2. // body of the derived class 
  3. }

In the example shown above, certain things need a little explanation. The word “access specifier” means the way in which the derived class would access the base class’s properties and methods. There are three access specifiers in general, each having their own meaning (namely private, public, and protected) and properties.

Once again, depending on the language of your choice, you might or might not have to use these access specifiers. So, in the world of C++, if you inherit without specifying anything by default, it goes private. However, if you inherit from a structure (goes by the keyword struct), the default access specifier would be public instead of private. 

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C++ also gives you a lot of options to choose from when you are doing inheritance. You will find some of them listed below:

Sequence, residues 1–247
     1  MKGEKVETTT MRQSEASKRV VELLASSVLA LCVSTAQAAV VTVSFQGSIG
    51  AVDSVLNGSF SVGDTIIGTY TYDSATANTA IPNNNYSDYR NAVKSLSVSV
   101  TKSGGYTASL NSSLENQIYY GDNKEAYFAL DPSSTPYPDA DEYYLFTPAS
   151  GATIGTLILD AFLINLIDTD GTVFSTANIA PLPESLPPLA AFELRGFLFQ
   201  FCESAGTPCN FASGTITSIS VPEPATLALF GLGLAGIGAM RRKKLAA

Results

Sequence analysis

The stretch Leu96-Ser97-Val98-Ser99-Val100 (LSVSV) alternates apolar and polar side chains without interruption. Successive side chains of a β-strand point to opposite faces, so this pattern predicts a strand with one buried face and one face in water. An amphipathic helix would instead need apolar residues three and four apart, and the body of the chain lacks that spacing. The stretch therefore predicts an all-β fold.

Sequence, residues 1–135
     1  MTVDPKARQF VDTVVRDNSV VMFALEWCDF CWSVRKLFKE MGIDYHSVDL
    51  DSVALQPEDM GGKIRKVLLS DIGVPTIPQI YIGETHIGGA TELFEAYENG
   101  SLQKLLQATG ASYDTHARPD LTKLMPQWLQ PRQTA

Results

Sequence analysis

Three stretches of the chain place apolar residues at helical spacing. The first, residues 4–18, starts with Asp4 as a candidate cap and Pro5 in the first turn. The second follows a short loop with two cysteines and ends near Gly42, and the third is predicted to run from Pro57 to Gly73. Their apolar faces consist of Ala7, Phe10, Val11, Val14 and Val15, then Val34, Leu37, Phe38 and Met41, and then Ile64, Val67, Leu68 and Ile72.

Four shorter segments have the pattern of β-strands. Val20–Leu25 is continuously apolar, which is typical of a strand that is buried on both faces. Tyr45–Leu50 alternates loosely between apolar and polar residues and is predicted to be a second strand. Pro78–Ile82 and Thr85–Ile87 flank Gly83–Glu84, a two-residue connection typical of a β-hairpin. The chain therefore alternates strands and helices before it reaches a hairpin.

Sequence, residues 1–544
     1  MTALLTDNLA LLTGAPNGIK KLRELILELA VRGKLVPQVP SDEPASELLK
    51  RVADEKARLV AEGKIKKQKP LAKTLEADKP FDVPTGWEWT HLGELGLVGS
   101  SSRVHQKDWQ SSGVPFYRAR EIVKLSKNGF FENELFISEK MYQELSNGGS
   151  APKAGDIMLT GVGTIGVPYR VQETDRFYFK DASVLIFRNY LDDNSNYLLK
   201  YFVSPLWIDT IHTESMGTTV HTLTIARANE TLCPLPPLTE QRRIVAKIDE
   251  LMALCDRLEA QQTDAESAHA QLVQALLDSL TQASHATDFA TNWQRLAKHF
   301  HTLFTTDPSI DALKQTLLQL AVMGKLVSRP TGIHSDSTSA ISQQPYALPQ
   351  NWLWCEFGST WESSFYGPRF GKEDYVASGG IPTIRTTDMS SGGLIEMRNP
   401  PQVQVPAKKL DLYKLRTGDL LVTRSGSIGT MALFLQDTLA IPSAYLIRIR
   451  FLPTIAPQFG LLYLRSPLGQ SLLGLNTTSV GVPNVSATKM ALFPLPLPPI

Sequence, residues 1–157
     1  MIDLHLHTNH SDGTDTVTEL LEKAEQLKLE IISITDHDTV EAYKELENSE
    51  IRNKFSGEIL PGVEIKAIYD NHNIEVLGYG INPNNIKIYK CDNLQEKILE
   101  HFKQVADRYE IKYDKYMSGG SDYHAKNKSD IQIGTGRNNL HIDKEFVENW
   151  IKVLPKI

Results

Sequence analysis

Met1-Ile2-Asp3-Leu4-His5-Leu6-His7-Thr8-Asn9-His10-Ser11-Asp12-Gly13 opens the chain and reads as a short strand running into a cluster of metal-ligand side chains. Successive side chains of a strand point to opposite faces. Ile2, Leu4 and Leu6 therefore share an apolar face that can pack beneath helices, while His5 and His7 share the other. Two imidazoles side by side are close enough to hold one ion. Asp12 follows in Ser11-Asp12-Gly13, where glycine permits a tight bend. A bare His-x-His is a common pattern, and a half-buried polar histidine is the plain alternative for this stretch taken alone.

a. Hierarchical Inheritance: This type of inheritance follows the rule that there should only be one superclass, and from that superclass, there must be many derived subclasses. You will find an example of it below: 

  1. //Base Class
  2. class A
  3. {
  4.  public void funA()
  5.  {
  6.  //
  7.  }
  8. }
  9.  
  10. //Derived Class
  11. class B: A
  12. {
  13.  public void funB()
  14.  {
  15.  //
  16.  }
  17. }
  18.  
  19. //Derived Class
  20. class C: A
  21. {
  22.  public void funC()
  23.  {
  24.  //
  25.  }
  26. }
  27.  
  28. //Derived Class
  29. class D: C
  30. {
  31.  public void funD()
  32.  {
  33.  //
  34.  }
  35. }
  36.  
  37. //Derived Class
  38. class E: C
  39. {